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The Goldfish Gazette, Issue #050 -- Water Quality
February 27, 2018

Goldfish Care Tips and Guidelines

A Free Monthly Resource For Goldfish Enthusiasts
February 2018
Issue #050

In This Issue
Water Quality

Water quality is the key to successful Goldfish keeping.

Water Quality

I have had several emails recently regarding sick Goldfish.

Usually the diagnosis of the ailment is relatively simple, but before giving advice about a treatment, I always ask the owner to test their water. I do this because poor water quality is the number one cause of Goldfish ailments.

I see no point in the owner curing their fish by putting it into clean water with an appropriate medication, only to put it back into the same conditions it came from or, repeating the behaviors that caused the problem.

Ideal Water Parameters

It is often written that Goldfish will adapt to a wide range of water conditions, and that they are very hardy animals.

Both of these statements are correct to a point. Goldfish do thrive in a wide range of water conditions, hard water, soft water, high and low pH, but this is assuming the water is not polluted. Some enthusiasts believe that their Goldfish water going acidic isn’t a problem because it is well filtered and crystal clear.

This is a misconception.

What is causing the water to become acidic is a buildup of chemicals in the water caused through filtration. Filters convert harmful compounds to harmless, but even harmless compounds in large quantities start to lower water quality.

An example of this is nitrates which are the byproduct of processing waste from the water.

It was once believed that nitrates at any level were harmless to Goldfish, but now there is some evidence that high levels of nitrates cause swim bladder issues.

If your water supply is acidic (within reason), but low in nitrates, then your fish will adapt to it. As long as water is fresh, clean and high in oxygen, Goldfish will adapt. What Goldfish won’t tolerate is low oxygen levels, ammonia and other pollutants.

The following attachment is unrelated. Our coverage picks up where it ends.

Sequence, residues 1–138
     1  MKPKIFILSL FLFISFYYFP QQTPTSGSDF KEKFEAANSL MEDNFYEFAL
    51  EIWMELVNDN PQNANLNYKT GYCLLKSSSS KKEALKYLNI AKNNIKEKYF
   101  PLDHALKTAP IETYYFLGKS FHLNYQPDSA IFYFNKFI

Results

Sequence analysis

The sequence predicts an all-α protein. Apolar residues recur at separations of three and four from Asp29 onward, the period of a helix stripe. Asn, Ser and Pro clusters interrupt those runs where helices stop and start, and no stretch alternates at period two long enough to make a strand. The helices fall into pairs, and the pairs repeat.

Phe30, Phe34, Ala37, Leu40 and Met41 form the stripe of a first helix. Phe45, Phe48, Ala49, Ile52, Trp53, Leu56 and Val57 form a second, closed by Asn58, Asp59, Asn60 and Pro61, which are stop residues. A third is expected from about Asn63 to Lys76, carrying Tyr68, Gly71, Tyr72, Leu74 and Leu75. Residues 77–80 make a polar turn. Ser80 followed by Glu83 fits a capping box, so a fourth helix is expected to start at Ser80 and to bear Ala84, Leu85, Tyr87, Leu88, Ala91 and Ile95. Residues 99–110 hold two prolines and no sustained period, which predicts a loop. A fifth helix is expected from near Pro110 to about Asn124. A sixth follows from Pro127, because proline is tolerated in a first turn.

The ideal water parameters for Goldfish to thrive are pH 7.0-7.4, ammonia and nitrite levels zero, and nitrates below 30 ppm (parts per million). Most good multi-test water test kits include these tests

Food and Water Quality

Goldfish are known for their huge appetites. The reason Goldfish have huge appetites is because your 2” (50mm) Goldfish is trying to grow to its full size (12” or 300mm for common Goldfish) as quickly as possible. There are two problems with this:
1. The amount of waste the fish produce and
2. Poor quality foods.

I was reading the feeding information on a packet of Goldfish pellet food that instructed to feed only what could be eaten in two minutes. The reason for this is not to ensure proper feeding, it is to stop the water being polluted with pellets that would dissolve into dust after a few minutes. This doesn’t suit the way Goldfish feed which is the subject of next month’s e-Zine.

This is another good reason to feed gel foods such as Repashy’s. It holds together much longer, the fish process more of the food, and it contains very little “ash” or indigestible filler.

Large Water Changes

Frequent large water changes is the answer to maintaining high water quality. There is no point changing 10% of the aquarium water each week without proving through testing that 10% is enough to maintain excellent water quality. Even a 50% water change still leaves half the polluted water in the aquarium.

The only way to know when, and how much water to change is by testing new water to establish base readings, then monitor the water daily or weekly depending on the fish numbers until you detect a change. Usually the pH starts to drop. This test is done after the filter has gone through the nitrogen cycle if one is installed.

The same test applies if you aren’t running a filter, but the more dangerous ammonia will be what you are looking for.

In Summary

Keeping your fish in pristine water conditions almost guarantees your fish won't get diseased. It is one of the easiest ways to maintain your fish's health.
Use a water test kit to establish how often and how much water you need to change.

To read more about water test kits and water treatments, click here…

Comments? Ideas? Feedback? I'd love to hear from you. Just reply to this e-zine and tell me what you think, or what topics you want covered.

Next Month's Topic

Feeding Goldfish

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